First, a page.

Unnamed eurozone officials were quoted as suggesting that Greece's latest assurances still may not be enough, because people no longer trusted the country's politicians.

Greece has failed to deliver on many of the promises it made to secure an earlier bailout deal, EU officials say.

In a press briefing on Wednesday, German Chancellor Angela Merkel's spokesman, Steffen Seibert, denied Germany wanted Greece out of the eurozone.

"I can clearly state for the federal government that these rumours are false," he said.

Amadeu Altafaj, a spokesman for EU economics commissioner Olli Rehn, said eurozone members had "stated very clearly that they want Greece to remain a member of the eurozone".

However, the BBC's Matthew Price in Brussels says there is a growing sense among eurozone members that if Greece did leave it would not mean the collapse of the euro.

And in an interview in Manager Magazin to be published on Friday, the head of Germany's engineering and electronics giant Bosch calls for Greece to be ejected from the EU.

In a transcript acquired by Reuters, CEO Franz Fehrenbach says: "This state with its phantom pensioners and rich people that don't pay taxes, a state without a functioning administration, has no place in the European Union."

 

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  • rate this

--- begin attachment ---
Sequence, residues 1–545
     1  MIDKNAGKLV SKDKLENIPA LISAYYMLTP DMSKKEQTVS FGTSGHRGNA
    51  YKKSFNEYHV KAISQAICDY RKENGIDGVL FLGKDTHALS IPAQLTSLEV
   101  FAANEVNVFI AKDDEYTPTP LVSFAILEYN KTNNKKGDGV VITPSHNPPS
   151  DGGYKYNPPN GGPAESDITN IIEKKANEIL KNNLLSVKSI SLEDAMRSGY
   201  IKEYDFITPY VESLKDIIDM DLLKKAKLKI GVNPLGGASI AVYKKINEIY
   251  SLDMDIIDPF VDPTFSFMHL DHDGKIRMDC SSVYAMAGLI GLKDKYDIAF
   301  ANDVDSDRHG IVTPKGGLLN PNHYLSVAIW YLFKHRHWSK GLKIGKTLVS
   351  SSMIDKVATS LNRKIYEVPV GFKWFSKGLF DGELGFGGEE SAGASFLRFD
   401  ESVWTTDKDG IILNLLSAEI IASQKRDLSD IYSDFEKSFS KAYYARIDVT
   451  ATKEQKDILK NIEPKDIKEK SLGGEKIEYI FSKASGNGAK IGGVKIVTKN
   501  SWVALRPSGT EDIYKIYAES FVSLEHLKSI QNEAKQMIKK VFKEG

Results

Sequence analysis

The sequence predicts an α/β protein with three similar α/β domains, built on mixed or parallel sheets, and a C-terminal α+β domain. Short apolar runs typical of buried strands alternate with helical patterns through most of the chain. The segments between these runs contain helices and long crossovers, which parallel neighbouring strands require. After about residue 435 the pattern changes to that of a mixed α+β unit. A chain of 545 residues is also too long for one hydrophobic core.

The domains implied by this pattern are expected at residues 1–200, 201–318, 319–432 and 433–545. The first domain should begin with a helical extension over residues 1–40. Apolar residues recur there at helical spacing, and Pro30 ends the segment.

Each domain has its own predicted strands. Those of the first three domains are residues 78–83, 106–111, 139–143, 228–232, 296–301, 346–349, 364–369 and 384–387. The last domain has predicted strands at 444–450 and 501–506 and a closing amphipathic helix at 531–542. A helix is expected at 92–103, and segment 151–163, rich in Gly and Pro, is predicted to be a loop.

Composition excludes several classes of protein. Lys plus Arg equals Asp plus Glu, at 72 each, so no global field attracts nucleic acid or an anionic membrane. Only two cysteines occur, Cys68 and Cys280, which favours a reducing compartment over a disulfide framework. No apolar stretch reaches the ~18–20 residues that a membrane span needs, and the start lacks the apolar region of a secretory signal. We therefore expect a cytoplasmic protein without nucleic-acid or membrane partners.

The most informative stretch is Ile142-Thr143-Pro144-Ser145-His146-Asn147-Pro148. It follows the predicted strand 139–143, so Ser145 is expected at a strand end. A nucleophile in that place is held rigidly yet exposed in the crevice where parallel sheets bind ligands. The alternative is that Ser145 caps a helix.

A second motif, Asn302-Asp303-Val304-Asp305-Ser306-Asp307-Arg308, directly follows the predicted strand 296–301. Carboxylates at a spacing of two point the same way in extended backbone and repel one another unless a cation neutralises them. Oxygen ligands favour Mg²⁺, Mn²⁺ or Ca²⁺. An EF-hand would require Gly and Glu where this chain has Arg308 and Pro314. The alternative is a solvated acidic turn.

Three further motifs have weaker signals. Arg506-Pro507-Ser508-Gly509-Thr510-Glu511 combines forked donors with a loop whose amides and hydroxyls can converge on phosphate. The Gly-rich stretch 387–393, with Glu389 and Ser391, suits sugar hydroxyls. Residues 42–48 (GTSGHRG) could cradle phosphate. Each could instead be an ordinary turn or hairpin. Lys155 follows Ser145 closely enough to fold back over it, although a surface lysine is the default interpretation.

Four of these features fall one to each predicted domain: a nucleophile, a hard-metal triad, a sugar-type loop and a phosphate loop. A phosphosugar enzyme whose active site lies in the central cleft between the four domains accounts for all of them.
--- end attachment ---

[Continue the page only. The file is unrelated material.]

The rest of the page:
+8

    Comment number 147.

    When are the EU countries going to realize that for businesses to invest capital and create jobs for Greeks, that they need stable government and reasonable employment standards so that they can have assurances that their investments have a chance to grow. It is very easy to demand cuts- that the Greeks need to understand and implement . Now is the time for some carrots after all the sticks.

  • rate this
    +38

    Comment number 145.

    The first duty of a democrtic sovereign government is to protect the rights and assets of citizens. The Greek government cannot do that as well as satisfy the demands of external creditors. Everyday life in Greece is becoming a total nightmare of unemployment, pensions slashed, and homelessness. They should shut their banks for a week, issue new drachmas, exit the euro, default, revamp tourism

  • rate this
    +92

    Comment number 67.

    Let Greece go back to the Drachma and trade like it used to be, the cheap holiday destination for many.

    By doing this, they will soon recover and be back on track, and probably make a laughing stock of the rest stuck in the Merkozy merry-go-round!!

  • rate this
    +26

    Comment number 64.

    Just one other thought:

    Given that the majority of Greek bailout money was going to go straight to creditors in other countries (both banks and governments), it would surely be just as effective to give this money straight to the banks if the EU is that worried about a collapse of the banking system. So I suspect the fears of a Greek euro exit are more political than economic.

  • rate this
    -13

    Comment number 57.

    Greece is a new democracy. It will probably leave the Euro soon one way or the other. Then we will witness massive social unrest and third world poverty in the centre of Europe. It could make the London riots look like child's play. Banks will fail across Europe and Governments will be forced to bail them out if they can. Despair, disaster, depression. I'm scared.